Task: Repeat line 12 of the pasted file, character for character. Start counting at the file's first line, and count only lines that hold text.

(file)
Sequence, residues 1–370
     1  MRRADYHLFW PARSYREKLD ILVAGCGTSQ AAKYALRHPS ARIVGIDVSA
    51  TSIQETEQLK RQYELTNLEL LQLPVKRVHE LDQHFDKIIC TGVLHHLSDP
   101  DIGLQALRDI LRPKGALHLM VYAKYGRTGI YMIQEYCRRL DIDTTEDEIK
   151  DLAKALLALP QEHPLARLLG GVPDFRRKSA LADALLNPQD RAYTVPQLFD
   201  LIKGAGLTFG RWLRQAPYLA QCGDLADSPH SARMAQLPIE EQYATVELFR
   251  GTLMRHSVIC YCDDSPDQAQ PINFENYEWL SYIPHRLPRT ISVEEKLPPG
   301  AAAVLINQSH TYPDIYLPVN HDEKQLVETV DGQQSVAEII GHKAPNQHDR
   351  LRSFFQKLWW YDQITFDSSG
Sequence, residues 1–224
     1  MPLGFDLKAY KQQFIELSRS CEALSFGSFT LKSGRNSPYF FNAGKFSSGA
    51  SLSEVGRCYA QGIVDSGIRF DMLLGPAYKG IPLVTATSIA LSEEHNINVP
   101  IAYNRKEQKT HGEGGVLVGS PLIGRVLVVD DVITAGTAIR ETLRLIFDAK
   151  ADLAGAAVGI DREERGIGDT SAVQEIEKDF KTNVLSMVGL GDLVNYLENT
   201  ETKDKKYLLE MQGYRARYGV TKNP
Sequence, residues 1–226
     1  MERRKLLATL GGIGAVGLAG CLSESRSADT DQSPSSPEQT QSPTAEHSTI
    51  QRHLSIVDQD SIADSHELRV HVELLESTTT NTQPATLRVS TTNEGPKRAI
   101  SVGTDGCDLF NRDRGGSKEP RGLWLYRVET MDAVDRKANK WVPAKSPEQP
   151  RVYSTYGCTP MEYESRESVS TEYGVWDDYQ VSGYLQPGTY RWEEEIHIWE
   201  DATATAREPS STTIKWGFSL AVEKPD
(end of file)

    51  SLSEVGRCYA QGIVDSGIRF DMLLGPAYKG IPLVTATSIA LSEEHNINVP